So you know how I disappear from time to time and then come back with like a million-and-one new ideas? Well this ins't one of those times. I mean it kinda is... But it's different, I promise! After tons of…
It seems silly when I think about it, but I really don’t spend much time promoting my Facebook page anywhere other than Facebook. And that’s because Facebook seems to be this huge void where everyone competes for attention, and your…
I stumbled upon an awesome site today by the name of Carrot Ranch. They post all sorts of challenges and prompts for teeny-tiny pieces of fiction, with a 99 word limit. This week’s prompt was ‘Crazy,’ and I just had…
I’m over the moon to be hosted over at BeetleyPete’s blog today. His community are always so great and supportive with their comments 🙂 The flash fiction piece follows UK Royal Marine, Morrisey, in his final moments, as he bleeds out on an Afghan hilltop.
Check out Pete’s blog! It’s filled to the brim with excellent fiction, and a vibrant community to go along with it!
I am happy to feature Gary again. He has completely revised his site, and offers stories to read, as well as services like ghostwriting and copywriting.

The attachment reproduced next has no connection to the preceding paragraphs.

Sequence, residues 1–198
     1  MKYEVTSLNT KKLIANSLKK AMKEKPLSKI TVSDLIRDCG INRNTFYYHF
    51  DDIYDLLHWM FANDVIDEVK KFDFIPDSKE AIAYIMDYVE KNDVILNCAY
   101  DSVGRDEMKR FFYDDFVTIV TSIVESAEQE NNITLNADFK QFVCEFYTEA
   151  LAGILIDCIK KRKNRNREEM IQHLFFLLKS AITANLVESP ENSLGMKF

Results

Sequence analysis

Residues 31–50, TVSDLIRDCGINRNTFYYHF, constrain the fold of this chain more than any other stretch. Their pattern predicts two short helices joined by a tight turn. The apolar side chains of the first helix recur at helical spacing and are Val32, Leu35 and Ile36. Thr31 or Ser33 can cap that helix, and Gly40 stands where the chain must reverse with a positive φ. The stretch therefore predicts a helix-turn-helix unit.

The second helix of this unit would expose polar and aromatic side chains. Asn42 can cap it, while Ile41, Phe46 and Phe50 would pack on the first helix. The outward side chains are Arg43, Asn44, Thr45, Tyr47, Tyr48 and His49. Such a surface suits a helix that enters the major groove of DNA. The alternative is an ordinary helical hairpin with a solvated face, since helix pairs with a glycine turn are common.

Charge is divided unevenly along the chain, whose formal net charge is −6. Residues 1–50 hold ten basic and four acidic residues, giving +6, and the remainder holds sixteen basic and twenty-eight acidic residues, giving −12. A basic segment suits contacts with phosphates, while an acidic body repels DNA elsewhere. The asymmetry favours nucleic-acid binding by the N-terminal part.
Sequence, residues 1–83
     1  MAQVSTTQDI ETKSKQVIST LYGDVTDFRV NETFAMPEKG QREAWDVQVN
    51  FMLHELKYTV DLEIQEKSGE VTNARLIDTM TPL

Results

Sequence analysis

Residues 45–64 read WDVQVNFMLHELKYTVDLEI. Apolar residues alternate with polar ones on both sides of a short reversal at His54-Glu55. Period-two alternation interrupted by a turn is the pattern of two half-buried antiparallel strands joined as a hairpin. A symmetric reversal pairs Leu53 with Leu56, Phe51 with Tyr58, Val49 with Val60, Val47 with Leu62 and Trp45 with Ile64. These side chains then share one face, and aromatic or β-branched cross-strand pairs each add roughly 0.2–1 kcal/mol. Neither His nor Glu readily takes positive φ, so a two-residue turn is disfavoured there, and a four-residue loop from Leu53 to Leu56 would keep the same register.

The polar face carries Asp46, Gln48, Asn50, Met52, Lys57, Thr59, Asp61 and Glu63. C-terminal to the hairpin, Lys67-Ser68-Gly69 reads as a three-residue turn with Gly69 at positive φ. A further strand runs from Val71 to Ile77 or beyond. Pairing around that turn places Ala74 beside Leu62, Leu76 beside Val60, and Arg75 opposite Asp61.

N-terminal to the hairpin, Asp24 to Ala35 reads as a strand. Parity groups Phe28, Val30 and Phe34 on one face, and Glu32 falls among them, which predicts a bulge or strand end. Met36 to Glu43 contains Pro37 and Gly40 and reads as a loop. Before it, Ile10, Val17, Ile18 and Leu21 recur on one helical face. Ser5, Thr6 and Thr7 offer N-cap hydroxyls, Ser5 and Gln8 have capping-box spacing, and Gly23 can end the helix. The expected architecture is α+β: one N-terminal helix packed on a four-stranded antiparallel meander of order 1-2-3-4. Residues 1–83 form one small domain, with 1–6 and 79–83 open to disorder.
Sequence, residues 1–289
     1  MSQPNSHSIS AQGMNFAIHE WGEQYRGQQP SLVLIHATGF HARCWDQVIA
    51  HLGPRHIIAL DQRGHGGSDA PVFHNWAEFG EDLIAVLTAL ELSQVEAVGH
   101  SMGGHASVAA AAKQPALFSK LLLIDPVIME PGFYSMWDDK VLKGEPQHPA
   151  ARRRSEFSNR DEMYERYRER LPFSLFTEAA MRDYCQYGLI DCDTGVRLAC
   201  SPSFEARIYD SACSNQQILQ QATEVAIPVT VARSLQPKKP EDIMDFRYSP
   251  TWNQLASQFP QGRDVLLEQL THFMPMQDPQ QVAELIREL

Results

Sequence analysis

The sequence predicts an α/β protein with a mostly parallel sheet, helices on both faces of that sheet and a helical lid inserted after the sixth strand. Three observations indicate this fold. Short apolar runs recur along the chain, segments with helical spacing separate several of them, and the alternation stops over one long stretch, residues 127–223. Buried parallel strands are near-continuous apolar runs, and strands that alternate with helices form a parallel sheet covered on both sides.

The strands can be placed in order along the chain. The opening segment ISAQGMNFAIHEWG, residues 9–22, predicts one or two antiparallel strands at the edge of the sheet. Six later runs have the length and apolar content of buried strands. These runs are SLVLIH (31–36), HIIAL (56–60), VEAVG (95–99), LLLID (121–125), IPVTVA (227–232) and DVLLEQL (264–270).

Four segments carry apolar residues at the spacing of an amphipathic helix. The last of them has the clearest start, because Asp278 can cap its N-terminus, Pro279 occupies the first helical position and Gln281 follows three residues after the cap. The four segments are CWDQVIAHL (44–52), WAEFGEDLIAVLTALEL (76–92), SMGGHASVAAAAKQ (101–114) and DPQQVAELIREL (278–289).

A young writer from the UK with big ideas, and an even bigger passion for words. A multigenre author of both novels and short fiction, Gary has a flare for the suspenseful, the frightening, and the unknown.
His post today is a fictional short story.
(It contains some swearing)
Morrisey’s Last Symphony
By Gary Holdaway.
Like most fresh recruits, Morrisey had grand visions of his military prowess on the field.With a Captain-America-like finesse he’d breeze through war zones with excellence and ease, quickly rising through the ranks to shine out among the others. Eventually he’d lead his own unit, and they’d claim victory after victory for his country.
Morrisey could not have been more wrong. He passed out of Lympstone by the skin…
View original post 836 more words
After months of deliberating and tossing around ideas, I finally got to work and restructured the whole site. Will it work out? I don’t know, but everything’s worth a try, right?
When Thomas Edison stood outside his lab-site as over half of it burnt to the ground in brilliant yellow and green flames, he asked his son to fetch the rest of the family to watch. “They’ll never see a fire like this,” he said calmly.